This is Yanigihara’s debut novel and it’s a very ambitious one. Its strength lies in its portrayal of Perina. Perina is, though not a particularly original character, a deeply compelling one. Throughout the entirety of the novel, you don’t quite know what to make of him. The book follows him from his young childhood to his time at Harvard Medical School and then to the islands of U’ivu. You vacillate between disgust at him (“I rather enjoyed killing the mice”), confusion at his infatuation with Tallent, another renowned scientist, or sympathy at his loneliness and want to protect the island that he studied in or even understanding at his love for science.

He remains a mystery until the very last page sentence of this book and his mysteriousness is not really cleared up even with the footnotes from scientific journals and texts provided by Kubodera, an even more unreliable editor as he practically worships Perina. I’m not usually a fan of footnotes; I find them tedious but I think the addition of these footnotes provides a rich history of the people of island Ivu’ivu and a realistic and plausible aspect to Norton’s story so that even when you find something unbelievable the footnotes provide a level of authority that you can’t help but believe.

Island of Ivu’ivu based on Angra dos Reis in Brazil

Much of the book is spent on the island of Ivu’ivu and to the descriptions of the island and the island people where Norton and his colleagues Tallent and Esme study. It’s a little bogged down at times but it’s so believable and they feel like a real people with a culture. As Perina continues to conduct experiments, the scientific community wants to get in on this turtle so they tear down the island to get them. Yanigihara touches on the themes of colonialism and imperialism as well as the different moral standards that the Ivu’vians abide by compared to Western culture. I think these themes could have been explored more and in more surprising ways especially because it was one of the more fascinating aspects of the book but I felt those were kind of glossed over.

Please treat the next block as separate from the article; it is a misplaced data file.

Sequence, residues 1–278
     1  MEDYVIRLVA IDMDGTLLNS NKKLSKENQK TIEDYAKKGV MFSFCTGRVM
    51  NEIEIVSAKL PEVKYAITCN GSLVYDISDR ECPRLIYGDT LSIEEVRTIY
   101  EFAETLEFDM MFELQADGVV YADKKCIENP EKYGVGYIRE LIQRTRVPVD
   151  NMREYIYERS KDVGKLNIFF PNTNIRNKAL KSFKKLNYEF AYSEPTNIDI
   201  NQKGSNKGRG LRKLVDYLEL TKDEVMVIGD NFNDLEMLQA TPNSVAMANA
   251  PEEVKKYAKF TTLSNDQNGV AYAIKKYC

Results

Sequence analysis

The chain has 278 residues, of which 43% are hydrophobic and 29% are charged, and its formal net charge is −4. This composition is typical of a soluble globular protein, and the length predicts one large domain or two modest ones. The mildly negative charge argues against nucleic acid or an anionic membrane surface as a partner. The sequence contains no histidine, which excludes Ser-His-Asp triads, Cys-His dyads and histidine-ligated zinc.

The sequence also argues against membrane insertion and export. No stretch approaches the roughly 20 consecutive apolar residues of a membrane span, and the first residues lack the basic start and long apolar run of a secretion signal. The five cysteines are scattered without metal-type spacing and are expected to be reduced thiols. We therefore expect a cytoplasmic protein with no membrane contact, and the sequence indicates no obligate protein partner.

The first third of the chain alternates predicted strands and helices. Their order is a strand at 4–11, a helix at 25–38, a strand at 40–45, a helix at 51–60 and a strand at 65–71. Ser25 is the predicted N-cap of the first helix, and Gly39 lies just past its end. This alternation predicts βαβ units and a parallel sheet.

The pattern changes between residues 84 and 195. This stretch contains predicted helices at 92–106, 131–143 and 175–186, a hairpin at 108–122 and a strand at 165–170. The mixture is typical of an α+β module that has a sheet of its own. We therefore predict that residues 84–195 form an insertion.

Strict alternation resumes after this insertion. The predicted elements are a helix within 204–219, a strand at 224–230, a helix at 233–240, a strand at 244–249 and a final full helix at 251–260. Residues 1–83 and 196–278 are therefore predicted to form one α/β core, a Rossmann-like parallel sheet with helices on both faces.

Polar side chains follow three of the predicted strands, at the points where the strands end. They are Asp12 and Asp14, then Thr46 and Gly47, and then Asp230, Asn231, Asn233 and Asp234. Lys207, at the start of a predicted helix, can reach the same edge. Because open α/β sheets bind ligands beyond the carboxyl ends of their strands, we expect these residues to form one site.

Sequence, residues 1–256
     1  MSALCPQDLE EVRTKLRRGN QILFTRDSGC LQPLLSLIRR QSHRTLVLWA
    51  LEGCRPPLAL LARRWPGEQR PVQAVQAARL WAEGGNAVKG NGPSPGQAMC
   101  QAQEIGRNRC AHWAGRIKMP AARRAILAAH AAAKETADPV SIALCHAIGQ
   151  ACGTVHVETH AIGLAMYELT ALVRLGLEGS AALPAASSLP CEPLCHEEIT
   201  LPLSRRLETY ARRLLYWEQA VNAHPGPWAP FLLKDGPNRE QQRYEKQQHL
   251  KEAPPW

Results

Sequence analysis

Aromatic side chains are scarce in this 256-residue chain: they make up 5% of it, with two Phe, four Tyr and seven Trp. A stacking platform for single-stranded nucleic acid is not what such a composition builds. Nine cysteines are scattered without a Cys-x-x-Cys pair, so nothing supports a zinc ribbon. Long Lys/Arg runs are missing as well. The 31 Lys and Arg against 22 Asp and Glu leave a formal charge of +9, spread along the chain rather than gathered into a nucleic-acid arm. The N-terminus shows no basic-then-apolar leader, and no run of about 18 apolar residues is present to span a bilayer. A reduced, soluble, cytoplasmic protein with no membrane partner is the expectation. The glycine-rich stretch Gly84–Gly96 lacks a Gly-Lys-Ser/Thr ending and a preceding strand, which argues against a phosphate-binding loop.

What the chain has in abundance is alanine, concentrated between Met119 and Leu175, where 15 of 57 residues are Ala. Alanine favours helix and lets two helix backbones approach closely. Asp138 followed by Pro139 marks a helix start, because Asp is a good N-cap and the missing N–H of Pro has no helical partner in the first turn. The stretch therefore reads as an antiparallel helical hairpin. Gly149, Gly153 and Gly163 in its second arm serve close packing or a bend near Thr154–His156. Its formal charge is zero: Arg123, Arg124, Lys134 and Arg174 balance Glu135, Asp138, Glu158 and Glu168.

The prose is extremely readable though not as precise or controlled or even as fleshed out as it is in A Little Life. This book is also graphic (animal lovers beware) though it is definitely tame when compared to A Little Life. But as I’ve said before with A Little Life, I never thought the violence was contrived or added just to be there. The structure of the novel  It’s not a thriller; it’s most definitely a character study on Norton. We don’t even get to find out about his jail accusations until the last fourth of the book where things get really weird..and you’re left wondering is he a psychopath genius? Just another mad scientist? A well-intentioned psychopath? And it left me thinking about it long after I read the final pages.


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Book Review: Lair of Dreams by Libba Bray

Title: Lair of Dreams

Author: Libba Bray

Pages: 613

Synopsis: Goodreads



“Every city is a ghost.”